So the Easter break is over and we are back to the creme realities of life. Tuesday was the first day of the second junior doctor strike of the year. We are not in a good place.

The BMA says it better than I could.

Junior doctors in the NHS in England are taking strike action in 2023 to:

  1. to achieve full pay restoration to reverse the steep decline in pay faced by junior doctors since 2008/9
  2. to agree on a mechanism with the Government to prevent any future declines against the cost of living and inflation
  3. to reform the DDRB (Doctors’ and Dentists’ Review Body) process so pay increases can be recommended independently and fairly to safeguard the recruitment and retention of junior doctors.

Fighting for pay restoration

Junior doctors have experienced a cut of more than 25% to their salaries since 2008/09. The lack of investment in wages by the Government has made it harder to recruit and retain junior doctors. This puts further pressure on the NHS and makes it harder to deliver care to the standards expected by professionals. 

The Government continues to refuse to negotiate with the BMA on junior doctor pay restoration leaving us with no choice but to call for a NHS junior doctors’ strike. BMA Council has endorsed a proposal from the junior doctors committee for an escalated programme of industrial action by junior doctors in England, which began with a full 72-hour walkout in March.

The NHS that we know is collapsing around our ears. There has to be a commitment to pay the staff what they’re worth, what they deserve. That has to be a commitment to make working conditions better so that staff retention and recruitment improves drastically, radically. And the answer is not simply to let the hard-working graduates drain away to foreign lands. The world does seem nonsensical at times. Foreign graduates come here to work, but are hampered by visas and other bureaucratic restrictions that make life very expensive and complicated to work here. Homegrown graduates refuse to tolerate the working conditions here, and are attracted by pay and better work, life balance elsewhere.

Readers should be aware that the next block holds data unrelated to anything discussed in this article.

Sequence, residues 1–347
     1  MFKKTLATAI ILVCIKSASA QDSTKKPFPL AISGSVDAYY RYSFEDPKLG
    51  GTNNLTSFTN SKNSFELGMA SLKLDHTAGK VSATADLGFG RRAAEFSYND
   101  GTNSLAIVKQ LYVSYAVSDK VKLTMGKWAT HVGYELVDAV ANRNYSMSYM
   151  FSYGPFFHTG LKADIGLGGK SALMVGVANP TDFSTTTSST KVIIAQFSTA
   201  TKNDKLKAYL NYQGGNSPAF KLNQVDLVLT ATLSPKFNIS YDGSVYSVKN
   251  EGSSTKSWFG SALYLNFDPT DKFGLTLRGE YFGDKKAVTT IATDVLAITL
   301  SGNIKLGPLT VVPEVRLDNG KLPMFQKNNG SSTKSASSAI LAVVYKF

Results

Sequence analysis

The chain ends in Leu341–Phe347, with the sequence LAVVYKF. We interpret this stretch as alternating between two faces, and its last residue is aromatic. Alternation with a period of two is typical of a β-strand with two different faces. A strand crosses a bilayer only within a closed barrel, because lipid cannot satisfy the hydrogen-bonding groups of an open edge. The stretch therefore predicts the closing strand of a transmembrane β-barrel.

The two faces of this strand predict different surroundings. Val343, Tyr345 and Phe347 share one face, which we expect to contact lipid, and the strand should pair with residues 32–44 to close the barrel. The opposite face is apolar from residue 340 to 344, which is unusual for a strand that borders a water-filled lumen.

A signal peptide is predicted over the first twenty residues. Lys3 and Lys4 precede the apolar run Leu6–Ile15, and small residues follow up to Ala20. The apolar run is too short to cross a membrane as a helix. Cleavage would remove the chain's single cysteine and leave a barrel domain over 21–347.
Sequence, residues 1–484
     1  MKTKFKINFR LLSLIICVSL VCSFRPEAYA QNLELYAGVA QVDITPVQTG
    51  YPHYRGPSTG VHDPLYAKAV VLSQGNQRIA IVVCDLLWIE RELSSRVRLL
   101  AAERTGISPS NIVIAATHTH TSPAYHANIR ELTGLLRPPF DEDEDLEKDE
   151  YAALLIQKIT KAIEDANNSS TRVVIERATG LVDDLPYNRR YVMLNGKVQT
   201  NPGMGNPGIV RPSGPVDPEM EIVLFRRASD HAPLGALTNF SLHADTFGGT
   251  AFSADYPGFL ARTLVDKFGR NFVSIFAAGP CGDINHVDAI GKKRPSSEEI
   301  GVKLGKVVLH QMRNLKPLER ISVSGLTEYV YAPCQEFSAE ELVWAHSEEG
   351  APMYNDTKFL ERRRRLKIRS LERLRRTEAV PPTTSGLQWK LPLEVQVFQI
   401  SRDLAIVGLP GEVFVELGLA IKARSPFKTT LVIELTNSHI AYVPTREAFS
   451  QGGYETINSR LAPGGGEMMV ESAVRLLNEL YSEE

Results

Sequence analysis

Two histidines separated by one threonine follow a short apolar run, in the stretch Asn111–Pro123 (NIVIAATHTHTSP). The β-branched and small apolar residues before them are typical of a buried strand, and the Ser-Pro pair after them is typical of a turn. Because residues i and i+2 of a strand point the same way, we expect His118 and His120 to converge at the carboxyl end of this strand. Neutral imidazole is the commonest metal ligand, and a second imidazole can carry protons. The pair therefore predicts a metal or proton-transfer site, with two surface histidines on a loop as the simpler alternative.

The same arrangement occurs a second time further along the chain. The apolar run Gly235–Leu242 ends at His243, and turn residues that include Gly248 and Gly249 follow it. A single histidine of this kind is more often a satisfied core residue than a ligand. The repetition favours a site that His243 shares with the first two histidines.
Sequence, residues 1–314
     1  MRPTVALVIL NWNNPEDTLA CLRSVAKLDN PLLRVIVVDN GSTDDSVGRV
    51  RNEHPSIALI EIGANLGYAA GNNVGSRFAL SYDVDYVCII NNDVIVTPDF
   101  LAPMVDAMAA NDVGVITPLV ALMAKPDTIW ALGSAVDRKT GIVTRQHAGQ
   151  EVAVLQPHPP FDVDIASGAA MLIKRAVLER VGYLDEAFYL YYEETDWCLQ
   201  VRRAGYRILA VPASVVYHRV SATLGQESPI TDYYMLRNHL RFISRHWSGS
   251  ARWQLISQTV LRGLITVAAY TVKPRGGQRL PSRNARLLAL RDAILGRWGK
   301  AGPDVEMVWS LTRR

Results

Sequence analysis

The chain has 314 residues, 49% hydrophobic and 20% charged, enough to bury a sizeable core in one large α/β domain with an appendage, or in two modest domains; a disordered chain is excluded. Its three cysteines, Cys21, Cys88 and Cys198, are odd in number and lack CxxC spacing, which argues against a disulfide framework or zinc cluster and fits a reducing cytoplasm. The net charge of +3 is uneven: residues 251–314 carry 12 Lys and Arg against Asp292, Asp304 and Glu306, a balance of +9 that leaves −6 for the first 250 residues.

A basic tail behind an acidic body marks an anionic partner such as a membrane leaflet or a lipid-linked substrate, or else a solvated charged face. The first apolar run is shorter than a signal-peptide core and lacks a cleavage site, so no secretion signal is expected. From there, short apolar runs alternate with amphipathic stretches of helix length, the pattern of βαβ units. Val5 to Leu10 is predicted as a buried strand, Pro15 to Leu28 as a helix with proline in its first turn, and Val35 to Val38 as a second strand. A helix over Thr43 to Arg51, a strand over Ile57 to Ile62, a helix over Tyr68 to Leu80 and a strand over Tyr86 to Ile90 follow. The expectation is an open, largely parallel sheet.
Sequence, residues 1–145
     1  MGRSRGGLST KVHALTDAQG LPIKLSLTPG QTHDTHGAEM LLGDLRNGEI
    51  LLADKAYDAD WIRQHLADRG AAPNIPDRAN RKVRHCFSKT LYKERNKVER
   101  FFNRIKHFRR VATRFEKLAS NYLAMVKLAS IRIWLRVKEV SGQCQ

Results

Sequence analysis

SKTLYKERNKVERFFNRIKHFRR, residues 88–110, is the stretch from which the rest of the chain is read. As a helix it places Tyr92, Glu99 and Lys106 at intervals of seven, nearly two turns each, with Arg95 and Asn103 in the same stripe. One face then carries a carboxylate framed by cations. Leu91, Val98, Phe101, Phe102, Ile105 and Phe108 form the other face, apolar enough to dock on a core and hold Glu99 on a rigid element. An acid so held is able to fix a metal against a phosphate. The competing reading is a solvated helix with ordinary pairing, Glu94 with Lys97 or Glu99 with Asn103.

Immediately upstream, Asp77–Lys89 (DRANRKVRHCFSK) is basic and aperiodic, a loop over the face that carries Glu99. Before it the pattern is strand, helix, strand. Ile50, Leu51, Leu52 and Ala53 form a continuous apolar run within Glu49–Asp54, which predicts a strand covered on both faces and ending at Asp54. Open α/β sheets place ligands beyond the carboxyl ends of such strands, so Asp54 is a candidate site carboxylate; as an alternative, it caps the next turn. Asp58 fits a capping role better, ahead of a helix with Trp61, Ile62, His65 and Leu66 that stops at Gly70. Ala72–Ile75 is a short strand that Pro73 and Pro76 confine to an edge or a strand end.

The whole thing is a nightmare.

In the meantime, I carried on working (I’m not a junior doctor but fully support their actions) from home today. Today was admin. I had multiple of reports to complete. I just plugged away with them. In the afternoon we had for once was a really good team meeting, talking about ‘challenging consultations’. We went through some case examples and talked about our personal experiences. We thought about how these situations might arise and how we might manage them and support each other. Actually really interesting. The last part of the meeting we thought about investigations for some of the various clinical presentations that we see. A thought-provoking and challenging discussion and good to reflect on my/our current practice. I never usually finish Tuesday meetings feeling in any way, that could be described as happy. I didn’t feel happy today, but I certainly felt that I’d learnt something and I certainly felt that I was part of a team in a way that I haven’t felt for a long time just because of the way that we are currently working.

I had also managed to make another peanut based stew for lunch. This time I used up the last of the pork belly that I placed in the freezer a few weeks ago. I think the chunks of pork belly with the fat added a little more taste to the mixture.

We ate it with a small amount of white rice. As usual there was plenty to go round. The rest of the stew lasted for the rest of the week and I had it for lunch on one of my clinic days with a crunchy rice cake.

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